The Roman Mysteries: The Trials of Flavia Gemina (TV adaptation)

Image © 2008 LEG

The Roman Mysteries TV adaptations are being repeated every day on CBBC from 11.25am this morning, so this seemed a good time to review the next episode in Series 2. Major spoilers for both the book and the TV episode follow.

The book on which this is based on is one of the warmer, cosier Roman Mysteries, in which the main, apparently criminal mystery for the most part exists only in Flavia’s mind. In the book, this warmth is counter-balanced by the tragic ending, one of the saddest of all the Mysteries (in fact, for me, I think it may be the saddest. The Slave Girl from Jerusalem also has a tragic ending, but in that case I was about equal parts terrified and sad – it’s interesting to note that neither tragedy is entirely impossible in the modern Western world, though both are now much less likely).

The TV episode changes this ending by replacing the character death from the book with a muted break-up instead. To compensate for the resulting absence of serious danger (and to provide some exciting action sequences) the TV episode ups the ante on the book’s other main plot, concerning the escaped animals intended for the arena. This story is also heavily modified to be more appealing to a twenty-first century audience, as Taurus the sympathetic animal trainer desires freedom for both himself and his animals, a thread entirely absent from the book (as far as I remember - this may be the moment to confess I've left my copy in Wales!). This makes the story considerably less historically accurate – in a slave-owning society, animal rights were not a priority. The animal sequences themselves, though, are well done and the transposition of Nubia’s bravery when facing a lion so that she confronts the lion to save Aristo, and has much less success taming it, has the desired effect of demonstrating in a dramatic, visual way her feelings for Aristo.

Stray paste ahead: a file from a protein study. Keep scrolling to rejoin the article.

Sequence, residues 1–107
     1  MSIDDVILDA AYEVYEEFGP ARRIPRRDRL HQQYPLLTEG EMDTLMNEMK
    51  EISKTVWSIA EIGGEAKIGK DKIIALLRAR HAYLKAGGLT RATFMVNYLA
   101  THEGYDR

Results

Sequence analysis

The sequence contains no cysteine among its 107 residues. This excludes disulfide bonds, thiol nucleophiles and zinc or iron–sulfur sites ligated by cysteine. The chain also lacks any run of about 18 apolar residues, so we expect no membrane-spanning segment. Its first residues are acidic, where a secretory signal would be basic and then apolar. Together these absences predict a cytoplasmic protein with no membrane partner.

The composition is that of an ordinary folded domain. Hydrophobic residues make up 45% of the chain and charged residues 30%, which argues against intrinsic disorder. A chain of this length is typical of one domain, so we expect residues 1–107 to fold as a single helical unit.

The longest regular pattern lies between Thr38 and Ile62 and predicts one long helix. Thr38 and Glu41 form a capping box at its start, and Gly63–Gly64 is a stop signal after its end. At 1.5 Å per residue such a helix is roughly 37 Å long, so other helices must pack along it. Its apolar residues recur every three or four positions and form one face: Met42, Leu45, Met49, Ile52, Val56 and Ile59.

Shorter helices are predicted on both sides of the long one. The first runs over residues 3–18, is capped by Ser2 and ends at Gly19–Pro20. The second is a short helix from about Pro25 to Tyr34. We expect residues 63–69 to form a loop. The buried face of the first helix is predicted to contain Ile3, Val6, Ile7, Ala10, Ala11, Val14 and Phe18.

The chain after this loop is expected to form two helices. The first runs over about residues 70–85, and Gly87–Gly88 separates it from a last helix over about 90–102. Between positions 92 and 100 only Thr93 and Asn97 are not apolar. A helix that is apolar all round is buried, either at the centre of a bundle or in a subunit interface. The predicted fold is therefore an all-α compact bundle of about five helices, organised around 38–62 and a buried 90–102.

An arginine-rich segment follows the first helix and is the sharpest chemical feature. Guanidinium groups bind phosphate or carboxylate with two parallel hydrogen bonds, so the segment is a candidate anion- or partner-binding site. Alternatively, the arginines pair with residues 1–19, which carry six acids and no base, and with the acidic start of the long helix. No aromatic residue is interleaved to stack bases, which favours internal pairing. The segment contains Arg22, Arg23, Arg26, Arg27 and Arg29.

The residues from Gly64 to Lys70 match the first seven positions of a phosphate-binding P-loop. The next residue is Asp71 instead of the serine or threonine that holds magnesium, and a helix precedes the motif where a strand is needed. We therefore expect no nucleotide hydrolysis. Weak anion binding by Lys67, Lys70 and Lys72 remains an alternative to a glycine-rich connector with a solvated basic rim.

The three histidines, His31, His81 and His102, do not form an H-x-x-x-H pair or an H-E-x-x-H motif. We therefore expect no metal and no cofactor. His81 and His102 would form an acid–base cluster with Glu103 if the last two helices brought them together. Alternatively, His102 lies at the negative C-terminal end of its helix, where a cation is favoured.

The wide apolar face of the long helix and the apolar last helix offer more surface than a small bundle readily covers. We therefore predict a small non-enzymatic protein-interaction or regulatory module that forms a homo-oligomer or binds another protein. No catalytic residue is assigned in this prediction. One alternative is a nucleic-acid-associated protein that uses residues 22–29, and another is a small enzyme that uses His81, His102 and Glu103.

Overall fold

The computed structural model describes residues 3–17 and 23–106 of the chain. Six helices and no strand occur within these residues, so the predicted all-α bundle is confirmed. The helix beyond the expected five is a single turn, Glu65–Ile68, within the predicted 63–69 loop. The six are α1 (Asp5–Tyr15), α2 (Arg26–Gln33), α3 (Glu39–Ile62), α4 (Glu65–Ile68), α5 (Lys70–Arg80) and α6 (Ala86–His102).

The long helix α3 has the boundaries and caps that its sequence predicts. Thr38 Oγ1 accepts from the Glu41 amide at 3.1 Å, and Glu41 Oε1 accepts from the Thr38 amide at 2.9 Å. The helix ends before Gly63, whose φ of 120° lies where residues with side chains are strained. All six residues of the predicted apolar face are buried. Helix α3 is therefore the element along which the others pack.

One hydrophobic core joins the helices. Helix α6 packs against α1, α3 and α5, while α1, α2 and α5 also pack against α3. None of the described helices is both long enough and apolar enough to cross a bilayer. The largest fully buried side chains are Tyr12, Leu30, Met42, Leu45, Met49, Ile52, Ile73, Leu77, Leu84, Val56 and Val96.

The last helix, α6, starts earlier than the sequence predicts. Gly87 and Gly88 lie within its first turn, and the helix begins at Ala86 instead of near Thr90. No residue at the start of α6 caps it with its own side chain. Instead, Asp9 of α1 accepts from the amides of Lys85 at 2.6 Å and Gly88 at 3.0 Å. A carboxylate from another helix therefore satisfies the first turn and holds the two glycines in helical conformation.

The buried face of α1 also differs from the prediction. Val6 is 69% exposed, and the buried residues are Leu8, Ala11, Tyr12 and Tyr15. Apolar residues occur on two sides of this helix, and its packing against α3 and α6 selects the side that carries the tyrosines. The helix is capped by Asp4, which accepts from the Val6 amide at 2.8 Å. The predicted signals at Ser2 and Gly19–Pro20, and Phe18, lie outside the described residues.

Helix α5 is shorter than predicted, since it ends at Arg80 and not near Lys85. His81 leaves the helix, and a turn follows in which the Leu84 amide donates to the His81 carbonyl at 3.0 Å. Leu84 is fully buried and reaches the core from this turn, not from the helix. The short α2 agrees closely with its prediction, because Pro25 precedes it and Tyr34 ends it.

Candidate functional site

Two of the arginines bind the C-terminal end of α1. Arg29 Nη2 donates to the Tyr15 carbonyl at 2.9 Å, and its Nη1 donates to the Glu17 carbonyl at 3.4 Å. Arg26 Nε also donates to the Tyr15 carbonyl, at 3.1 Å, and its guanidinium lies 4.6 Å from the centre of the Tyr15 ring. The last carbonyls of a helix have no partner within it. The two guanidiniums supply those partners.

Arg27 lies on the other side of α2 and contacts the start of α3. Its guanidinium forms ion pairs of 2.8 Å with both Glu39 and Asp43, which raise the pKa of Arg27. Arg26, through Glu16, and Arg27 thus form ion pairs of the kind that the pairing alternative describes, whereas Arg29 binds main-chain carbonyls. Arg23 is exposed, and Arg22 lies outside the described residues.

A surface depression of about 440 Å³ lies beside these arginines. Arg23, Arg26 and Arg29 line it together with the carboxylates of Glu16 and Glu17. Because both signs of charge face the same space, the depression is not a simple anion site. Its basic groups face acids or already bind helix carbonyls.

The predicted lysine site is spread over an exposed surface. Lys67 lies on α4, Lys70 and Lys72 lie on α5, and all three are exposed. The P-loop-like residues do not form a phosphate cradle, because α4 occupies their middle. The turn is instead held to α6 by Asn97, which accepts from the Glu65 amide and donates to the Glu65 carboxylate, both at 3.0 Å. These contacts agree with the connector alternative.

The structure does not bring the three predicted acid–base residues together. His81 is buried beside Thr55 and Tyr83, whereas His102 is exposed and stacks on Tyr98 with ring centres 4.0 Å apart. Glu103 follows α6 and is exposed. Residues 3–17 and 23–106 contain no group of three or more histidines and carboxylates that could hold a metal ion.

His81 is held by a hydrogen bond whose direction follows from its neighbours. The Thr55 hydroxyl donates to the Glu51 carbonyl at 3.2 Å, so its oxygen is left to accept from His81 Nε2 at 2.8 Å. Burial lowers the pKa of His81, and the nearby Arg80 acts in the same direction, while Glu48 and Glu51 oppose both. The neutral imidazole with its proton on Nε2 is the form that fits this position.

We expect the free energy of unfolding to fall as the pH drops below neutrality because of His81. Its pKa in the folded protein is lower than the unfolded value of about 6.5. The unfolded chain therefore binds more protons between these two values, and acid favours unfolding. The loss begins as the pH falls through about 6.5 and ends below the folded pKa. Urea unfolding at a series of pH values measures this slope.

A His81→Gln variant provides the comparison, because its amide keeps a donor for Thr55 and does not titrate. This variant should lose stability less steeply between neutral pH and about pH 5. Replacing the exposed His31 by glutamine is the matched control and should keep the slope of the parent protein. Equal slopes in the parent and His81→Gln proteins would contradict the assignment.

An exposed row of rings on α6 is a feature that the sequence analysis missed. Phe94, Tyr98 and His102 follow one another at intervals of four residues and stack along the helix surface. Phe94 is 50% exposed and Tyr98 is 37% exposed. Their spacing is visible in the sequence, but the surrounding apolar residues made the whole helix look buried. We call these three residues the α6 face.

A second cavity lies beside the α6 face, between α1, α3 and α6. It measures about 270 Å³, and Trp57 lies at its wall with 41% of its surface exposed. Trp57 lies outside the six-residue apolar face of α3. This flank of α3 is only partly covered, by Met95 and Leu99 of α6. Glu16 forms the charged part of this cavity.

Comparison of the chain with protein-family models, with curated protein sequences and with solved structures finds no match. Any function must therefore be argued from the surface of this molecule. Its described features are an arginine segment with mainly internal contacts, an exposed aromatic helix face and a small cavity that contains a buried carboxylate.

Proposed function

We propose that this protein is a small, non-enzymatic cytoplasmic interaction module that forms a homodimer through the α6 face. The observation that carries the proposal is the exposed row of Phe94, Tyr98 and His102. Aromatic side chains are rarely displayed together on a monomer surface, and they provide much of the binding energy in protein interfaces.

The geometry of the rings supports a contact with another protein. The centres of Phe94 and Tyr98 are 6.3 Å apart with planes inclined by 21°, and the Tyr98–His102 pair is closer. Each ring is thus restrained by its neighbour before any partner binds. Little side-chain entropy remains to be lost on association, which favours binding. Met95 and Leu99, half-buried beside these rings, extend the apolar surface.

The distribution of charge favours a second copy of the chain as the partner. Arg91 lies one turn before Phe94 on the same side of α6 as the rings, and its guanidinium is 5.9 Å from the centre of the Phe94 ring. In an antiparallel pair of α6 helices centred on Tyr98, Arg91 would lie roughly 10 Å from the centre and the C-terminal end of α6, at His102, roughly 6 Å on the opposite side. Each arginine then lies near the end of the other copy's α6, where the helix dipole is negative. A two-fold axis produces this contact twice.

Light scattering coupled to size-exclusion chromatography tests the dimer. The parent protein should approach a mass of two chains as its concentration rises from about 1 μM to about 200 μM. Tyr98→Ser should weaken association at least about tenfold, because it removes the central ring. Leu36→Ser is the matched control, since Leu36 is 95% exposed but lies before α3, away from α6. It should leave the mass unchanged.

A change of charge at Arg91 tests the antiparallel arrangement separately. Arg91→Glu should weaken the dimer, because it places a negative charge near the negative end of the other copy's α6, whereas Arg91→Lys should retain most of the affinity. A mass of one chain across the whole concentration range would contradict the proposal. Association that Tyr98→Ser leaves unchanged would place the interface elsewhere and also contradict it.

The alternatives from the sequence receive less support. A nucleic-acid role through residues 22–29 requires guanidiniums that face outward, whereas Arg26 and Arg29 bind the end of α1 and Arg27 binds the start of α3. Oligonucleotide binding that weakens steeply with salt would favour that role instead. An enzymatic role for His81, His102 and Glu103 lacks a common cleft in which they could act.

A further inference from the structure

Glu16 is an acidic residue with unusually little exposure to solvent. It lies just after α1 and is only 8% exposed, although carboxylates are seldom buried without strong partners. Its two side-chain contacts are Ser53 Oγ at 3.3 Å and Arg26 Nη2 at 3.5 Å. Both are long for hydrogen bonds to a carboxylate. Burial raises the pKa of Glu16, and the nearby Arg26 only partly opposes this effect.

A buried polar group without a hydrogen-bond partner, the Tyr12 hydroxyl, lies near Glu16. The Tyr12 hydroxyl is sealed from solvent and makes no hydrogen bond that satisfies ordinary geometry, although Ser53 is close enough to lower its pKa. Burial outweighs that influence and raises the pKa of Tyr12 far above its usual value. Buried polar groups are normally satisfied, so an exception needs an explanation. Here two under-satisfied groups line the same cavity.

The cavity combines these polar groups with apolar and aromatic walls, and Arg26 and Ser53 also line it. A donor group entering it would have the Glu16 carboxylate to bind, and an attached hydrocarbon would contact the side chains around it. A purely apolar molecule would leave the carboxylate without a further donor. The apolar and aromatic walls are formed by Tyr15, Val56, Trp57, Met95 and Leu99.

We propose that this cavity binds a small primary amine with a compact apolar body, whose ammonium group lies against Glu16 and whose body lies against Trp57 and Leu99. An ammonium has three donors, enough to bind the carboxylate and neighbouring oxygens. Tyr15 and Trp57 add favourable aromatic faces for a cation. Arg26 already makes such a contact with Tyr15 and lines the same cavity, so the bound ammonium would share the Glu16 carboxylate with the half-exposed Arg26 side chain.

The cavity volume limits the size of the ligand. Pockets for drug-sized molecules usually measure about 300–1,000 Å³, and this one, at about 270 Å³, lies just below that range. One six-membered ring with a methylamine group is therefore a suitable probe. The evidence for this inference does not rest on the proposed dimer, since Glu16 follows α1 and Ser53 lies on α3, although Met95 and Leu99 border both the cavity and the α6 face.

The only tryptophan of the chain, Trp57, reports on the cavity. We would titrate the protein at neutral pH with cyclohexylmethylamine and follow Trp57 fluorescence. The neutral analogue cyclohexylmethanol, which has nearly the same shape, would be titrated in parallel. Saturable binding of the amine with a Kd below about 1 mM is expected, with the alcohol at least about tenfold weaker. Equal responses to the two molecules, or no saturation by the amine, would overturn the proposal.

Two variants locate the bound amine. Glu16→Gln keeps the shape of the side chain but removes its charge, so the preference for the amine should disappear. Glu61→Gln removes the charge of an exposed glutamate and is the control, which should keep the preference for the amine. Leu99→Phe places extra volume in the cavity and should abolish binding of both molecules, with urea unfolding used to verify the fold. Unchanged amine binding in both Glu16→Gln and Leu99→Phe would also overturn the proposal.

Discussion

It was nice to see a modified version of one of Flavia’s dreams from the book, which in the novel play an important role in both the plot and in Flavia’s character development. The dream is shot in quite effective whitened out colour (over-exposed, possibly?), though I’m not sure why the director decided not to show Flavia’s mother’s face. I suppose it makes the transition between Flavia’s mother’s dream-ghost and the living Cartilia watching over her more obvious and clean, but it’s so obvious that they’re desperate not to show the mother’s face that it’s rather distracting, and given the changes to the ending of the story, this is a less important point to make anyway.

Jonathan’s role in this episode is filled by Polla Pulchra, from The Pirates of Pompeii, because of a scheduling conflict. For the most part, this works fine – the writers use the substitution to their advantage in some sequences, such as an early scene depicting Flavia’s childish and unreasonable behavior in which she is rude to Pulchra as well as to Cartilia. Pulchra’s interactions with Lupus, however, are a bit too Jonathan-like and his presence is missed – though I was impressed to see that Flavia’s dream wedding (or rather, nightmare wedding) briefly featured Jonathan rather than Pulchra, which shows a nice attention to detail.

This was a fun episode, which included several pleasant moments of humour, and it was nice to see more of Flavia’s household (Caudex appears again, and of course Aristo plays an important role) in a more everyday context than the series’ dramatic opener. However, where the book was driven by significant character development for Flavia and, to a lesser extent, Nubia, the TV adaptation glosses over that aspect a little. By diluting the emotion of the ending and presenting Cartilia as a more flawed character, the TV version strips some of the life-changing development from Flavia, which is particularly unfortunate given that this story has been moved to a later point in the series. However, it does drive home the most important point – that Flavia will soon have to grow up, and that her father is looking for suitors for her. This will become even more important over the next few episodes.